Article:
One such siege took place back in 1306. After Robert the Bruce was crowned King of Scots, he was defeated in a series of skirmishes. His womenfolk fled north to Kildrummy. An English horde followed, intent on bringing the Bruce family and their supporters to their knees. No quarter was to be given for the dreaded Dragon banner had been raised. The women escaped, only to be captured later – their story unfolds in ‘Sisters of The Bruce’. But it was Robert’s brother, Neil, who held the castle firm, until the unthinkable happened. Betrayal! The cobblestones must have run red that day…
I wandered the ruins of this immense castle and stood at the postern gate. Was this where the soldiers had slipped in undetected, let in by a silent hand. But all was quiet now except for some quarrelsome ravens up on the battlements…
Look below the castle walls and you will glimpse a richly planted patchwork of rockeries and ponds. A fabulous 20th century garden nestles within the castle’s ancient quarry. It is open to the public, afternoons only, during the summer months. Make sure you take in the gardens as well for they offer a refreshing contrast to the stark, powerful drama of the ruins above.
Just came across this great review of ‘Sisters of The Bruce’, posted on amazon.co.uk in late May.
Informative, Absorbing and Entertaining:
The mark of a really good historical novel is that it informs the reader about the period in which it is set in a way that makes the reader feel part of it. This Harvey achieves with style.
The novel tells the story of a group of people who are generally ignored by history: the women related to a famous historical figure. As was so often the case in history, it was the women who suffered – and in the case of the Sisters of the Bruce, terribly – for the decisions and actions of their men folk. This novel brings their suffering to light.
Underpinning the novel is the story of one of the most complicated periods in Scottish history, which is told with warmth and understanding, principally through a series of imagined letters between Robert the Bruce’s sisters. This ingenious stratagem really brings the period alive and makes compelling reading, despite the fact that the character of each sister must at best be an inspired guess. It works because of the extensive research the author carried out and the quality of the writing.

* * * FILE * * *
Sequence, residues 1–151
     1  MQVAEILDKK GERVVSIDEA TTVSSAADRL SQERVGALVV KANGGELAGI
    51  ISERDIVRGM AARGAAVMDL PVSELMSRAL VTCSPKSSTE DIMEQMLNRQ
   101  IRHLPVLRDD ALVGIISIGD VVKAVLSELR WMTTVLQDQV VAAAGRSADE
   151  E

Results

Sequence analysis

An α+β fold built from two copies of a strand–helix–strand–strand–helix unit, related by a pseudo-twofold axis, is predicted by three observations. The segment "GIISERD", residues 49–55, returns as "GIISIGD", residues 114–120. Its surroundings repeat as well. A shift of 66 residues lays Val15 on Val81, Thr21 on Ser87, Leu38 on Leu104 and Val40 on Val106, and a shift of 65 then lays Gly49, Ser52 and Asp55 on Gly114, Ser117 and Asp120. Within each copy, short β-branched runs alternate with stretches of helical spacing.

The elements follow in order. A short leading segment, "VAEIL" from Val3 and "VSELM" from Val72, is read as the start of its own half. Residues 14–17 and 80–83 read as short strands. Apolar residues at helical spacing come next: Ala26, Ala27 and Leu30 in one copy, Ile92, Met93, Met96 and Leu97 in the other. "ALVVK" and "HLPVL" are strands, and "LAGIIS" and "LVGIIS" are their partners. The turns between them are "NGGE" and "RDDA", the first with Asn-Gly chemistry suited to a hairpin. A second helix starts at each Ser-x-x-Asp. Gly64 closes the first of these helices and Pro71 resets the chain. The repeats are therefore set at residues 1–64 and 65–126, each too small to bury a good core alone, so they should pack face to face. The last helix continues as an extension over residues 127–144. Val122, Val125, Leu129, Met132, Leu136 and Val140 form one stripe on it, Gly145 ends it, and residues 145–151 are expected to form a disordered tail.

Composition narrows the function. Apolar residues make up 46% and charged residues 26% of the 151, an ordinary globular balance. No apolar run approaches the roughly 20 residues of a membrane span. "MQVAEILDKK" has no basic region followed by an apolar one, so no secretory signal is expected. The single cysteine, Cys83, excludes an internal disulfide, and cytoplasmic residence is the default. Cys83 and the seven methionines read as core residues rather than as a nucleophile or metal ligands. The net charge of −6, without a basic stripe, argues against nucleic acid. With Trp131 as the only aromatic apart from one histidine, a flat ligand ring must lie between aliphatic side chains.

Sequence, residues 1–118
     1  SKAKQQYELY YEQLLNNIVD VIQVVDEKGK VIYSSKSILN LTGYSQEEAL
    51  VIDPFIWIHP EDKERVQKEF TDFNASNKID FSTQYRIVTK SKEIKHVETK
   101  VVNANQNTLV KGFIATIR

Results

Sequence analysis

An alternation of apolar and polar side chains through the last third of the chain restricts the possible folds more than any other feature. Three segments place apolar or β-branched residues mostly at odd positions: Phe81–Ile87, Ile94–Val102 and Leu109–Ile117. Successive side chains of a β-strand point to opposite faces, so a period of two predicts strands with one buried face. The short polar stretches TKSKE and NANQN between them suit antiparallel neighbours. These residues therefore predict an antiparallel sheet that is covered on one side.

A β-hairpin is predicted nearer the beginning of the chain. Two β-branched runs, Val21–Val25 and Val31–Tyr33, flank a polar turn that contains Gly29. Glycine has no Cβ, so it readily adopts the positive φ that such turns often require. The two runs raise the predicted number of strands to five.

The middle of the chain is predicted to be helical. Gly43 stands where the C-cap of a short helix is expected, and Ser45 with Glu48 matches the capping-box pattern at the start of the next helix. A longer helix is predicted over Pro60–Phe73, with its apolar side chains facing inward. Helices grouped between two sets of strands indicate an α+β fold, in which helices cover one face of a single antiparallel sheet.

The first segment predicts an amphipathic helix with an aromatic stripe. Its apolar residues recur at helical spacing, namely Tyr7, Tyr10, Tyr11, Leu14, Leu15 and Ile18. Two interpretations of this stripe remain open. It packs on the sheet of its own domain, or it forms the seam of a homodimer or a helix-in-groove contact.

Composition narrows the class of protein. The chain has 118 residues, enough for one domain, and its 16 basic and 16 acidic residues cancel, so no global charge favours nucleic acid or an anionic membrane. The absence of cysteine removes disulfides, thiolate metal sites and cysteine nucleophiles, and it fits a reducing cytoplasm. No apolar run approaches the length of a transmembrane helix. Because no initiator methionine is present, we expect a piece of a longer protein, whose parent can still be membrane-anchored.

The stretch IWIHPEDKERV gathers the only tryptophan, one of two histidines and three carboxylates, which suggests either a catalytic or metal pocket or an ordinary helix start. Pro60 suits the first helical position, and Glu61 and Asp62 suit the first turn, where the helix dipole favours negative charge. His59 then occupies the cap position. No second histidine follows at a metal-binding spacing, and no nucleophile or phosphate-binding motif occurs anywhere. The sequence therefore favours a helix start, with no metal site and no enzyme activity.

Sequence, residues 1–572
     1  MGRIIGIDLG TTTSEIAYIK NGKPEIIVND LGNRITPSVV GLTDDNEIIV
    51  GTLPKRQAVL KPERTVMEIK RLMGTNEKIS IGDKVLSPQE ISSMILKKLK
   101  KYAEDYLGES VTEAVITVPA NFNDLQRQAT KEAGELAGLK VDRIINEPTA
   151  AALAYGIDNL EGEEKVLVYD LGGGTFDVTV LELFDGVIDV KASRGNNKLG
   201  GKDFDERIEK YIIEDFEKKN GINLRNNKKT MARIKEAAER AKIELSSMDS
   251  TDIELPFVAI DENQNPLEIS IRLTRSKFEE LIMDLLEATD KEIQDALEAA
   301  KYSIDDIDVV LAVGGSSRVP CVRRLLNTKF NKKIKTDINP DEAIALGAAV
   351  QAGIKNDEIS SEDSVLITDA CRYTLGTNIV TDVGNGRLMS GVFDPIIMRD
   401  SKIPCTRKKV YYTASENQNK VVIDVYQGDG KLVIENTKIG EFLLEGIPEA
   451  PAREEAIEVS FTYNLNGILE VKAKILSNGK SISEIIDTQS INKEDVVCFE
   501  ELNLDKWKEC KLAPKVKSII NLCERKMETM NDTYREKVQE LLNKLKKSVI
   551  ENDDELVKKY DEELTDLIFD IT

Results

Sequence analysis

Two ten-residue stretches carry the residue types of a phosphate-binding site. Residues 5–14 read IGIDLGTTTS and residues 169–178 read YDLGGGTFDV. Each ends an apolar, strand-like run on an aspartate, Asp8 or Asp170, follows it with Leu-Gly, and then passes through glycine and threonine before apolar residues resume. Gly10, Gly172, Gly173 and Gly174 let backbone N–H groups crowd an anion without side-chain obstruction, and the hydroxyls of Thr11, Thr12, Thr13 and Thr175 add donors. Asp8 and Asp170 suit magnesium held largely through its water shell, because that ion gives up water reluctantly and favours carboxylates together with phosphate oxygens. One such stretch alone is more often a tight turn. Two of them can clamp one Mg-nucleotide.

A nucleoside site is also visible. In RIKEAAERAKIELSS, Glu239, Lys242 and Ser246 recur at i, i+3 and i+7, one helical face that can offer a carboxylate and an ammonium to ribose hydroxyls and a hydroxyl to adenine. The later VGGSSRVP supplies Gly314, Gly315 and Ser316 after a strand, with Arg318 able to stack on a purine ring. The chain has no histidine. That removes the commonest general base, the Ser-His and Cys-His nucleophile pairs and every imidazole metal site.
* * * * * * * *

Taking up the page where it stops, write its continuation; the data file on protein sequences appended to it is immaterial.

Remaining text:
I highly recommend this novel to anyone who is interested in Robert the Bruce and the period of the Scottish Wars of Independence or simply in the lives of women at this point in history.”
My sincere thanks to the reviewer, Gartmore, who took the time to post a review.
One of the great joys of Barra – and there are many – is how to get there. Some might take the train from Glasgow to Oban on Scotland’s far west coast, then a five hour ferry ride, perhaps even seven hours if you go via the isles of Canna and Rum.
I was lucky enough to take the flight from Glasgow in a tiny jet which lands on a wide, curvaceous stretch of beach. I might mention here a three hour wait for fog to lift on the islands, but lift it thankfully did. What disturbed and delighted me most was the plane shimmying across the watery, pale sands, finishing with aplomb beside the airport (a small, squat building nestling on a neck of wildflower-strewn sand hills betwixt the heaving Atlantic and the aquamarine Hebridean Sea.